Mosques and seminaries, however, cannot successfully churn out converted Hindu and Christian girls like a well oiled machine without the connivance of state institutions, including the police and the judicial system.

Rather than assist desperate Hindu and Christian parents recover their stolen daughters, the police actively deter them from filing criminal complaints, often colluding with the abductors to threaten and intimidate the victim’s family into silence.

And in the event that a police investigation is initiated or a case makes it to court, conversion and marriage certificates issued by a mosque are accepted without question, thereby disregarding the girl’s age, the involuntary nature of the conversion, and other extenuating circumstances.  To make matters worse, during pending trials, parents are frequently prevented from seeing their daughters, while the abductors and their heavily armed supporters are given unfettered access to the victims.

As a result, unlike Jumna, the vast majority of kidnapped girls in Pakistan never make it back home. In fact, most are never seen or heard from by their families again.

So as the international campaign to bring back Nigeria’s kidnapped girls continues, let’s not forget about the thousands of “Missing Girls” in Pakistan too.  #BringBackOurGirls

  • Venu Menon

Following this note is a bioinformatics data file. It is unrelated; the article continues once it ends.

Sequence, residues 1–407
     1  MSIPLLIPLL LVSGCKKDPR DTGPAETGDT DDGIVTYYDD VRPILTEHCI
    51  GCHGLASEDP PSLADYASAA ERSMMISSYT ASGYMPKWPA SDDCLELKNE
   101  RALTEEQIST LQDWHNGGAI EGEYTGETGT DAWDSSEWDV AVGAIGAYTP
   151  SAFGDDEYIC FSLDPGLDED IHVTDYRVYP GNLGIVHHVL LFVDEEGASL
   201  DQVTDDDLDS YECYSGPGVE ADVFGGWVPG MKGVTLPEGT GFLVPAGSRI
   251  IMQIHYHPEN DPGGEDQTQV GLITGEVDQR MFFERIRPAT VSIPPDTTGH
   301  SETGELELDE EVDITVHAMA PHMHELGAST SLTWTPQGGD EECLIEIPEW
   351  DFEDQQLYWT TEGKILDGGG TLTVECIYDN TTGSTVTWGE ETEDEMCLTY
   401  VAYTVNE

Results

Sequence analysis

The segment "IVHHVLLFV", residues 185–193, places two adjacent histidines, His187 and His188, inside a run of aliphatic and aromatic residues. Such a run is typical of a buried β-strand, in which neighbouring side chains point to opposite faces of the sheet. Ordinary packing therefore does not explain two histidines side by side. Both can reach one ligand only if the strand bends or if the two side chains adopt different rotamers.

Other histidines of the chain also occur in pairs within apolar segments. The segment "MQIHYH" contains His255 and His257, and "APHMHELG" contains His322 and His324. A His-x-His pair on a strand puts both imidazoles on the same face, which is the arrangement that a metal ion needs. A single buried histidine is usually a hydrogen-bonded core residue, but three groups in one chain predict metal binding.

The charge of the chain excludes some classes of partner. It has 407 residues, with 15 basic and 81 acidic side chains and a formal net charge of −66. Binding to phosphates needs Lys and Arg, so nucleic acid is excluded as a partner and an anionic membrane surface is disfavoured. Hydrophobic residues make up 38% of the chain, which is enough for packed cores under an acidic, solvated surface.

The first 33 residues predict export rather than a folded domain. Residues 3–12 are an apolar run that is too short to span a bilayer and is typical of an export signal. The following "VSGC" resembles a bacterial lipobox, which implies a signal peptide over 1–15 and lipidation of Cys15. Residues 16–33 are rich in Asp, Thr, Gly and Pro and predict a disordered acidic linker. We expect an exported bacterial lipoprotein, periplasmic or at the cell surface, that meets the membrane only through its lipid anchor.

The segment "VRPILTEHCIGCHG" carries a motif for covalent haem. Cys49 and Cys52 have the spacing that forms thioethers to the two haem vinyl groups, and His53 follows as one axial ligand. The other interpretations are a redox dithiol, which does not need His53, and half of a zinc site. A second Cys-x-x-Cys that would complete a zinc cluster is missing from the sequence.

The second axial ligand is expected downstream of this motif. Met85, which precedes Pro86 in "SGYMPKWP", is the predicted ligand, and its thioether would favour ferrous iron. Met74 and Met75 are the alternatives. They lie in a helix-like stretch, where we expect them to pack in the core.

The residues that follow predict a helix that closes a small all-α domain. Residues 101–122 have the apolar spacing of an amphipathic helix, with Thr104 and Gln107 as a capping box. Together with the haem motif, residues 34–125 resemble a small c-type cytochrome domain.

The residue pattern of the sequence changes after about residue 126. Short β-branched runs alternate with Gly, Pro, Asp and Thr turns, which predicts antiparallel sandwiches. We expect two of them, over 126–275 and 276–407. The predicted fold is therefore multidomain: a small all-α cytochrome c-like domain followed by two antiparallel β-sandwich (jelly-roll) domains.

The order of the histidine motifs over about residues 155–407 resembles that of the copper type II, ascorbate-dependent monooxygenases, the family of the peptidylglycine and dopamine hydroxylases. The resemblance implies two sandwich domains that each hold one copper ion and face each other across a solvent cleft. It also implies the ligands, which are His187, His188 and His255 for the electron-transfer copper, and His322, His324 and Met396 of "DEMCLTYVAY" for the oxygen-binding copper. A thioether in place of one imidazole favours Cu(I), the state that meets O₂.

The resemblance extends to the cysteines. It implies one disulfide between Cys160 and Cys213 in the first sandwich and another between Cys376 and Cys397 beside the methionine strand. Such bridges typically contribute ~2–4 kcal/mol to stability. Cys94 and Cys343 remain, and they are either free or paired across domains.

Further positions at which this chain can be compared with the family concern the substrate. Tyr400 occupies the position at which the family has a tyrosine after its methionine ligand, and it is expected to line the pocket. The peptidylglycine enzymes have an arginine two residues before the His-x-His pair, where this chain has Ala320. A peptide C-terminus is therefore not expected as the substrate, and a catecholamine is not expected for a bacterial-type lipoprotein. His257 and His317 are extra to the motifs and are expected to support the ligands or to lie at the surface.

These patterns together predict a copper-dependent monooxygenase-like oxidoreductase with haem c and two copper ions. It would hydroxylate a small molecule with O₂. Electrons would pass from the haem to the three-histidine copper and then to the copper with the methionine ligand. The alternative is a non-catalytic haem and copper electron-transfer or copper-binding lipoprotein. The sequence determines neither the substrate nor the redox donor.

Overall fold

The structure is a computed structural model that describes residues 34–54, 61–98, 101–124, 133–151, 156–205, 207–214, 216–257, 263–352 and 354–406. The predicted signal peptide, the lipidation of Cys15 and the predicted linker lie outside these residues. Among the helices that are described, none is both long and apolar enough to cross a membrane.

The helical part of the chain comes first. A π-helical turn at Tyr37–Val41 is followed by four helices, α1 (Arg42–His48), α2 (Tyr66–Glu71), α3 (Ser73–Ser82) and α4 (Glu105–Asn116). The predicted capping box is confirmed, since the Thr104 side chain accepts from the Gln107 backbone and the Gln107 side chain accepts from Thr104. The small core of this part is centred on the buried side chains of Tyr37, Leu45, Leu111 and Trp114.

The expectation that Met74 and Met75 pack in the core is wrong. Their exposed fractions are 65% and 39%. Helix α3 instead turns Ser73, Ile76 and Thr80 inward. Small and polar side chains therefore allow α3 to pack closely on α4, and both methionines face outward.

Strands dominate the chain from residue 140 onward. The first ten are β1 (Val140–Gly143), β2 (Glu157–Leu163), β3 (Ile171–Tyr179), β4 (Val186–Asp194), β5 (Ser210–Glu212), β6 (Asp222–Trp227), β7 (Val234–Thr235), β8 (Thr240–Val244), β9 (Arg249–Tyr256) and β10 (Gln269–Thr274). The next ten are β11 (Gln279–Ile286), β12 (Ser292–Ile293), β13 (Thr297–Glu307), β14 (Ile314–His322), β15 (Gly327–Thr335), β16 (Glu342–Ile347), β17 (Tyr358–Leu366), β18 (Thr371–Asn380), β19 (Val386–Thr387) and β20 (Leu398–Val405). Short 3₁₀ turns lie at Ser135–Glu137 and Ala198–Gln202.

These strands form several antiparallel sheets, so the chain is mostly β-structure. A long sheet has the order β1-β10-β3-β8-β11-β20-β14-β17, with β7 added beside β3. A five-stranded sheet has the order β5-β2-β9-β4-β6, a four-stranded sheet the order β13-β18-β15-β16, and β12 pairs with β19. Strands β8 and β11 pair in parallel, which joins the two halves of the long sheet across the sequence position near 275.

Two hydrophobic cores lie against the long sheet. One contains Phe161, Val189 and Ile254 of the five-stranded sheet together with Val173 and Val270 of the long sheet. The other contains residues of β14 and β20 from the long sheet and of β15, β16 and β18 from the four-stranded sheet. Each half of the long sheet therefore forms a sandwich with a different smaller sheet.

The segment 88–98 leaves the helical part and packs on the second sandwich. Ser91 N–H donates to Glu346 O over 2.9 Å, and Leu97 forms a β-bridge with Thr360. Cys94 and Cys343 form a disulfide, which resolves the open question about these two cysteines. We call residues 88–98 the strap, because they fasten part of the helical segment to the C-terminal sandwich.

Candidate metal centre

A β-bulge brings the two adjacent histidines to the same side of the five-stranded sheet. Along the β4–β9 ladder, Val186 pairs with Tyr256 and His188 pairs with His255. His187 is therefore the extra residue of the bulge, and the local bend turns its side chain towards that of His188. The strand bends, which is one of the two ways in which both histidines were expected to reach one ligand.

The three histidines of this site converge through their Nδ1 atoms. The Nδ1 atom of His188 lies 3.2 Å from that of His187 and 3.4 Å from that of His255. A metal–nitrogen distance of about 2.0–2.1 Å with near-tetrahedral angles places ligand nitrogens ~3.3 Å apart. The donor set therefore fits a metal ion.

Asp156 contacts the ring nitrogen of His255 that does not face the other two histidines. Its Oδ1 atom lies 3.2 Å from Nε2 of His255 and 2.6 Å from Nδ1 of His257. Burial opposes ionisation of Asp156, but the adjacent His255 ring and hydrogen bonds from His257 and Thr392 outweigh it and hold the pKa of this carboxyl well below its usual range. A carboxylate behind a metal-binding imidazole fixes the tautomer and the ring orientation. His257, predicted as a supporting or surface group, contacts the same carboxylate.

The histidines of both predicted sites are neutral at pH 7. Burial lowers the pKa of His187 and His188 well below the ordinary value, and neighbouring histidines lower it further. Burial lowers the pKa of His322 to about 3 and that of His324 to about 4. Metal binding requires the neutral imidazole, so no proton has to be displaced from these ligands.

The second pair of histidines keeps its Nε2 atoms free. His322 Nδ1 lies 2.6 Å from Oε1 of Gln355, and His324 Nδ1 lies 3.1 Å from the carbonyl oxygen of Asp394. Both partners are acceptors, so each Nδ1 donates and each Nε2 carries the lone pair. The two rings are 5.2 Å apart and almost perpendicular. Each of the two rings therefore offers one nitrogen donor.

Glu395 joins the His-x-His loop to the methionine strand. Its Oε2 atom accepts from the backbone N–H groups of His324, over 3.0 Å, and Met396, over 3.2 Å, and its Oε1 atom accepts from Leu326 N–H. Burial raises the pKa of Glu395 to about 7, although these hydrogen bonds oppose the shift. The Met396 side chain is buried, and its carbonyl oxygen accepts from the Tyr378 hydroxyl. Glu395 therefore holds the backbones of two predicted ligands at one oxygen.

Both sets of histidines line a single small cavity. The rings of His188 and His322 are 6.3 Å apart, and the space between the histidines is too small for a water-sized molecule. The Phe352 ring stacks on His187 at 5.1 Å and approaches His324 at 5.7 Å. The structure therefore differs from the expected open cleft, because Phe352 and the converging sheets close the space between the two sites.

Thank you for writing this excellent commentary. The sad truth is that there is a dichotomy in the treatment of Hindus in media compared to almost anyone else. Hindus are either considered as sub-human or worse, just plain ignored. Would love to hear thoughts on how the community can build up a voice in the media quicker. The HAF does some but in 10+ years of existence it has, with all due respect, done very little to improve that.

    • Iamnothing

      Don’t act Borderline in front of media outlets while protesting mistreatment and write articles with text from this site to detractors of Hinduism in the media like Yasha Levine, Wendy Doniger, etc.

      Also, try to get editing rights on Wikipedia articles. Write to Harvard and other places and try to work your way into school textbooks. Also tell people you don’t have to be Hindu to do things like Yoga and Meditation for spiritual benefit. Make links with people in India.

  • An other 15 year old Hindu Girl student of 9th Class, Roshni Devi was kidnapped, Convert in to Islam and forcefully marry with Muslim boy on 1st June.

  • Guest

    Yesterday : an other 14 years Old Dalit Girl Raped in Tando Allahyar Sindh Pakistan

    Haey Ry Bhagwaan

  • Khan

    Force conversion is totally unacceptable. The problem is the cultural exposure of a dominant society. Hindu religion (please excuse me) is not properly displayed to the world in modern think patterns. I live in Canada and know the Hindu youth are very confused of the story of their religion. I will request the Hindu intellectuals to write books for Hindus in non-Hindu environments. They are getting big exposure of other religions like Islam and Christianity. The very complicated Hindu philosophy does not stand strong against very straight forward and simplistic religions. One more thing the ideological religious difference should not be mixed with India-Pakistan conflict.

    • Padma

      Khan, thank you for your comment. I agree – forced or coercive conversion is wrong, and religious differences should not make people or countries fight. I try to write about Hinduism at http://www.patheos.com/blogs/seekingshanti/